Wednesday, August 01, 2007

Persistence: More Burgundian Adventures

It's been a while since I've opened one of my precious bottles of Burgundian pinot noir to continue my novice exploration of the region and its wines. Burgundy makes me anxious--and one of this year's wine resolutions was to start learning about the wines so that I don't break into a cold sweat whenever I see one in the store.

So far I've been drinking wines from a single maker (Vincent Girardin, bottled under the "Baron de la Charriere" label for the European market) and a single vintage (2000). I bought my Burgundies back in January from Chronicle Wine Cellar, and have so far opened the Volnay (which taught me a lot about how balanced Burgundy can be) and the Nuits St. Georges (which was all about how a wine could develop and change from one glass to the next). Tonight it was time to venture into the region achored by the French commune of Aloxe-Corton in the Cote de Beaune. Known for its whites (Corton-Charlemagne) as well as its reds (the Corton Grand Crus), this wine comes from the subdivision of Corton Renardes.

As with all of my previous adventures in Burgundy, the 2000 Baron de la Charrière Corton Renardes was a simply amazing pinot noir (Chronicle Wine Cellar, $24.95; Rosso Wine Shop, $39.99). What stood out about this wine was its persistence. This wine had the longest finish imaginable, but the real charm of it was the way in which the aromas stuck with you from the first sniffs to the last whisper in your mouth. It was a beautiful dark ruby in color, just like a ripe cherry. When I first opened the bottle, I was greeted by sour cherry and blackberry fruit aromas laced with a hint of stone and mineral. The flavors involved layer after layer of cherry, black cherry, and sour cherry along with a bit of gamy meatiness that gave the wine complexity and interest. After you swallowed, your mouth continued to sing with creamy sour cherry, white pepper, leather, and chocolate.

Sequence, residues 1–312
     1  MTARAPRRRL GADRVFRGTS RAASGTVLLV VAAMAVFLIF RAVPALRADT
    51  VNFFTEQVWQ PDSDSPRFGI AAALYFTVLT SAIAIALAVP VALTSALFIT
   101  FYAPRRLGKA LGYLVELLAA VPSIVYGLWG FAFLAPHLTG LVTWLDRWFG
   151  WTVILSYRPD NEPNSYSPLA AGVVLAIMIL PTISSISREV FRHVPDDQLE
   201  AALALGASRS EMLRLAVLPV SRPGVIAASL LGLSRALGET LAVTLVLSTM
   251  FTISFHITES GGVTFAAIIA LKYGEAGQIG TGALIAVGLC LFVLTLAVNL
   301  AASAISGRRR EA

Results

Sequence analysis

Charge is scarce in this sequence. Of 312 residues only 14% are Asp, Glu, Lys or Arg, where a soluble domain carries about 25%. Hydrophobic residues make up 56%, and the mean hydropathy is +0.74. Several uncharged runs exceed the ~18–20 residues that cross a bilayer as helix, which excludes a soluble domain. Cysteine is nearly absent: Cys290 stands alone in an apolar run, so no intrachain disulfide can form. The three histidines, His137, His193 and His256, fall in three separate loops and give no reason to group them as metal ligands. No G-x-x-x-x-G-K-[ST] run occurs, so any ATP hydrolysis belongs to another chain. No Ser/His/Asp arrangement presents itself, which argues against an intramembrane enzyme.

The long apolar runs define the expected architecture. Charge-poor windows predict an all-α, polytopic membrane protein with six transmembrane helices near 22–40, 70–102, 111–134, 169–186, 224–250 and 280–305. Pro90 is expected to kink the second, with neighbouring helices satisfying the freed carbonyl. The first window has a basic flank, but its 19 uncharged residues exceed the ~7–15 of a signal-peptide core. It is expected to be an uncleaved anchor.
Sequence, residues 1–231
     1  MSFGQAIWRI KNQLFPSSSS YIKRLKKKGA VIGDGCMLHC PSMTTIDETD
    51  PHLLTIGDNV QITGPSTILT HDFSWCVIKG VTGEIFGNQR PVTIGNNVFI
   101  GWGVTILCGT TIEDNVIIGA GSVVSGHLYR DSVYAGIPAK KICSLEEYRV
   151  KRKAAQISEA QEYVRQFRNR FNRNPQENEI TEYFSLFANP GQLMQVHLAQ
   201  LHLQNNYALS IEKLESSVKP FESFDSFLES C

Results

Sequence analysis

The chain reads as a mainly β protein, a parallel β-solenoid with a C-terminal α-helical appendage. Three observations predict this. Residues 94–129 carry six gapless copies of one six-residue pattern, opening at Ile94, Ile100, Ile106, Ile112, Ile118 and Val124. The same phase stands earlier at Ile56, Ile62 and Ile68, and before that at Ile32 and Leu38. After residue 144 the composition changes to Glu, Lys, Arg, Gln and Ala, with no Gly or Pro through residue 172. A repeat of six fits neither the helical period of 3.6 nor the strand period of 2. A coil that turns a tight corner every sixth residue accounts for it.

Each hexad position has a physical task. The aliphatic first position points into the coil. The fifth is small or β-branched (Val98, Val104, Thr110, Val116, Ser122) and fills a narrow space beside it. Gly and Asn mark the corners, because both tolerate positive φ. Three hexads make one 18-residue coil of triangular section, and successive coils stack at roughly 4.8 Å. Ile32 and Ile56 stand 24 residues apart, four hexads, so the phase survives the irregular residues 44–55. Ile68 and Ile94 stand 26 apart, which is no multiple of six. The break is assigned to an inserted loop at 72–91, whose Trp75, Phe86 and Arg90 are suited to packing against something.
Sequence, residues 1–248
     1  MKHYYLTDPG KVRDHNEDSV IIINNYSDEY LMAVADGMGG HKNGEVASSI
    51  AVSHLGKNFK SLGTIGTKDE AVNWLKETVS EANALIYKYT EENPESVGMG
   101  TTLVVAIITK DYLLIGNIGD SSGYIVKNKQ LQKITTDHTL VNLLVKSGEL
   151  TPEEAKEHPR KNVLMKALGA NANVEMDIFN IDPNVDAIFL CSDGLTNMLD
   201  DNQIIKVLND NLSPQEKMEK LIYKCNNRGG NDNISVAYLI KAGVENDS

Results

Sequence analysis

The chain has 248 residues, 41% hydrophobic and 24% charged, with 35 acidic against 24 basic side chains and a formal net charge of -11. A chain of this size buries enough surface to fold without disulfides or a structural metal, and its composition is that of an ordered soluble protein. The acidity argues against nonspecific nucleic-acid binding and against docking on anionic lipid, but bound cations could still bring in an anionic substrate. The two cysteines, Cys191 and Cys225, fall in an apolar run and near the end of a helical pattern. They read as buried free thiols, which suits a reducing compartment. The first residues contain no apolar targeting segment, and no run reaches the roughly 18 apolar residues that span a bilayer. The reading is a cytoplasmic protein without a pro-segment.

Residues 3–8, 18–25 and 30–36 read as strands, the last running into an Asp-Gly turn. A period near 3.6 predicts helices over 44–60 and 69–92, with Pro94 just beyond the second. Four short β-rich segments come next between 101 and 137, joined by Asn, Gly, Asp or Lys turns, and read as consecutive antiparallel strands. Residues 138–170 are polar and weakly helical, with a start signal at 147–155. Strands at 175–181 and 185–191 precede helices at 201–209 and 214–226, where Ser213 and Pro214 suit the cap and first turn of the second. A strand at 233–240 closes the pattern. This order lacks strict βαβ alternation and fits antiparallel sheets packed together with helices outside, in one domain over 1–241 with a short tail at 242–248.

As I know next to nothing about red Burgundies, I'm reluctant to make any kind of grand pronouncements about this wine other than these. For $24. 95, this represented excellent QPR. If I had paid $40, I would still not feel ripped off in the slightest. Burgundy makes great, thoughtful pinot noirs and I can see why some people are obsessed with them. Every bottle I drink is a revelation, and every bottle I drink makes me want to buy more. Happily I have another bottle of this, which I plan to open next year so that I can see what another year of age does for it.

It's pretty hard to imagine this wine getting better, but check back next July and see.

4 comments:

Joe said...

I always feel like I am walking on eggshells around Burgundy. They are a revelation, when they go right, otherwise they are an exercise in expletives. I am stuck in USA this month, but maybe I'll move over to Burgundy later this year...

Dr. Debs said...

I hear you. That's exactly why I was determined to drink a few bottles of Burgundy and when the Chronicle got in these Girardin offerings this past winter, I knew it was the best chance I was going to get to have some from a good producer at a fraction of their usual cost. I think for me Burgundy will remain in the "opportunistic" buying category. It's just too expensive and, as you say, too unpredictable. Especially on the west coast!

Dr. Vino said...

haha I guess $25 from Burgundy is sorta like under $20 from the rest of the world...

Dr. Debs said...

We're MOSTLY under $20 here, Dr. Vino! And I think it's more about pinot noir than Burgundy--my latest post on value pinots had 1 selection that you just MIGHT be able to get for $18. However, look at how cheap good merlot is these days...